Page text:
kill -19 9102 10234  stops several processes
killall -19 ssh      sends all ssh connections to sleep
killall -19 -i ssh   interactive mode (recommended)


lsof list open files
lsof -i :22 list all ssh connections (same :ssh)
lsof -i@ list all connections from
lsof list all connections from domain
lsof -u username list all open files from username
lsof -c bash list open files related to bash
lsof -c /log/ list all open files from all processes containing log


lspci -v 
lspci -vv
lspci -vvv
lspci -nn -> show names & numerical 
lspci -k -> show kernel modules associated with the device

more or less

+<number> number of line from which to start displaying
z <number>  number of lines to jump forward
y <number> number of lines to jump back
-I ignore case when searching
-V underline tabs, line endings
/<ctrl-k> highlights all ocurrences of search


pgrep ssh lists all ssh processes
pgrep -l ssh shows names
pgrep -f  shows full commandline
pgrep -u show user


ping 0 -> pings localhost
ping c 5 -> pings 5 times
ping -f host -> floods the host
ping -a IP -> gives audible beep Note: It can give beep only from terminal number 1 through 7 and gnome-terminal ( It will not work in console ).
ping -q ip -> show only summary
ping -s 100 -> change packet size
Pressing CTRL+| (Control key followed by pipe symbol) for the shows the summary in between, and continues with it packet sending and receiving process.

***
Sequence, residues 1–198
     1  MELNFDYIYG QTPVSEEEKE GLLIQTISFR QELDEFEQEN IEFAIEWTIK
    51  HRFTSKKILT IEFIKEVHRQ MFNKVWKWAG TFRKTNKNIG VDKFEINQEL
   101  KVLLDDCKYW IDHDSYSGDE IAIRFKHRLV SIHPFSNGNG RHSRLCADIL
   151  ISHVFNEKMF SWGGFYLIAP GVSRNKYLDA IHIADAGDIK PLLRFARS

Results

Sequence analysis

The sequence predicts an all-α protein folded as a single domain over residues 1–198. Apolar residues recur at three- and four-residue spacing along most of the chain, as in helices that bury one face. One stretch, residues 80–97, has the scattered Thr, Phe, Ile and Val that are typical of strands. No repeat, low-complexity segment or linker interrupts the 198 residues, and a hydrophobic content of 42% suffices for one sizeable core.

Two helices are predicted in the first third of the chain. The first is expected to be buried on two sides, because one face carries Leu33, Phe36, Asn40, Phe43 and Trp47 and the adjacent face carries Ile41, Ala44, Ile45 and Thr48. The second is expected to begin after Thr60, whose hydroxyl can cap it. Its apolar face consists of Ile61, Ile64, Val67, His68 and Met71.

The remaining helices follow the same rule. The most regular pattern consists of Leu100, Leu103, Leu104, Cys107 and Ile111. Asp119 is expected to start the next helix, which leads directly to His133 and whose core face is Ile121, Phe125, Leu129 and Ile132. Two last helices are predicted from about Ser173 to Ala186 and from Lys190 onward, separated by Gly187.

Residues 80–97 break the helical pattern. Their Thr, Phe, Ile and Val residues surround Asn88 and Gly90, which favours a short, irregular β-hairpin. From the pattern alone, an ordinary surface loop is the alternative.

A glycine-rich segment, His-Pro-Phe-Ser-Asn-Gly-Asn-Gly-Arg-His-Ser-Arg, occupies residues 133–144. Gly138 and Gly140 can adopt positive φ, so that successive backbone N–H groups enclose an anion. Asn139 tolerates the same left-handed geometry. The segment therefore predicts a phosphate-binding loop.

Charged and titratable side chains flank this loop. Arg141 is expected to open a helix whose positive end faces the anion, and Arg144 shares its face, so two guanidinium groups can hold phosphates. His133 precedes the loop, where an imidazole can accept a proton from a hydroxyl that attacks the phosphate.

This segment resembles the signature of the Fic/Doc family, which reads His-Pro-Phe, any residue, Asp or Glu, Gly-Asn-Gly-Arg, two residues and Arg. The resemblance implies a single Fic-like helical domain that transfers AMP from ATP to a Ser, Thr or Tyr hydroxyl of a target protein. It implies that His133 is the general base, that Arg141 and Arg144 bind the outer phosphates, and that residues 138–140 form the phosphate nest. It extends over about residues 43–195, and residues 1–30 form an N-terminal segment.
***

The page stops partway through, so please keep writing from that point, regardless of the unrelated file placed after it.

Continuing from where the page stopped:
ping hop1 hop2 hop3 .. hopN destination
ping -R -> Record and print route of how ECHO_REQUEST sent and ECHO_REPLY received


understands the same options as pgrep

pkill -19 ssh
pkill -19 -u joop stop joop's processes


show how long a process is running

ps -o pid,etime,cmd `pidof amarok`

show memory usage per process

ps -e -orss=,args= | sort -b -k1,1n | pr -TW$COLUMNS


pstree -a shows processes tree structure with program's parameters
pstree -h highlights own process 
pstree -H <id> highlights process id
pstree -u shows user


shows status of file

stat /etc/passwd   
stat -c "%x %n" /etc/passwd      formatted to show time


swapon -s see size and usage

tail or head

--retry keep monitoring the file 
-s seconds how often monitoring retry
-pid <pid> stops tail from running if PID stops running


tar zxf <file> -> extracts file


PID     programma id
USER    gebruiker
PR      prioriteit van de taak
NI      nice value
VIRT    virtuele geheugen gebruik
RES     fysieke geheugen gebruik
SHR     deel v/h gebeugen dat mogelijk met andere taken wordt gedeeld
%CPU    percentage processorgebruik
%MEM    percentage geheugengebruik
TIME+   de tijd dat de taak op de cpu heeft gedraaid
COMMAND de naam van de taak

keys: z: enable color mode. x: show sorted column in different color < >: change sorted column u [user]: show only users processes d: delay in sec

show only user user

#top -u user


ps aux | grep defunct


create autoyast file through icon in Yast2->autoyast (Uwe Gansert)

Midnight Commander (MC)

The standard colorpallette is incredibly hard to read in certain terminals, like yakuake.

For readable colors (mostly black and green), enter in your ~/.mc/ini file the following line:


tune kernelparameters

stored in /proc/sys/ gone after reboot

sysctl is a service that reads sysctl.conf during boot and read parameters from there -> makes it permanent

# ulimit -a

givesinfo about system resources limitations